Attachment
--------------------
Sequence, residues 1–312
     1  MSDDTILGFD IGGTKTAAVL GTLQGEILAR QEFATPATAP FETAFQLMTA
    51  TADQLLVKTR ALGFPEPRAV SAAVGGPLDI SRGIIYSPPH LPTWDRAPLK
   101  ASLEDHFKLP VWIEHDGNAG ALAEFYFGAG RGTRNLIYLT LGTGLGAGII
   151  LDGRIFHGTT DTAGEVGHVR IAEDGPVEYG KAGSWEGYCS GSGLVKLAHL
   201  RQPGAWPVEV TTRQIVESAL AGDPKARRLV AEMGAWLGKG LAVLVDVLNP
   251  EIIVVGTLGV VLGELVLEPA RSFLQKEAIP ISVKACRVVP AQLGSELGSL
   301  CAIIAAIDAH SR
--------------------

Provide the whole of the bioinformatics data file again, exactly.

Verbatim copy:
Sequence, residues 1–312
     1  MSDDTILGFD IGGTKTAAVL GTLQGEILAR QEFATPATAP FETAFQLMTA
    51  TADQLLVKTR ALGFPEPRAV SAAVGGPLDI SRGIIYSPPH LPTWDRAPLK
   101  ASLEDHFKLP VWIEHDGNAG ALAEFYFGAG RGTRNLIYLT LGTGLGAGII
   151  LDGRIFHGTT DTAGEVGHVR IAEDGPVEYG KAGSWEGYCS GSGLVKLAHL
   201  RQPGAWPVEV TTRQIVESAL AGDPKARRLV AEMGAWLGKG LAVLVDVLNP
   251  EIIVVGTLGV VLGELVLEPA RSFLQKEAIP ISVKACRVVP AQLGSELGSL
   301  CAIIAAIDAH SR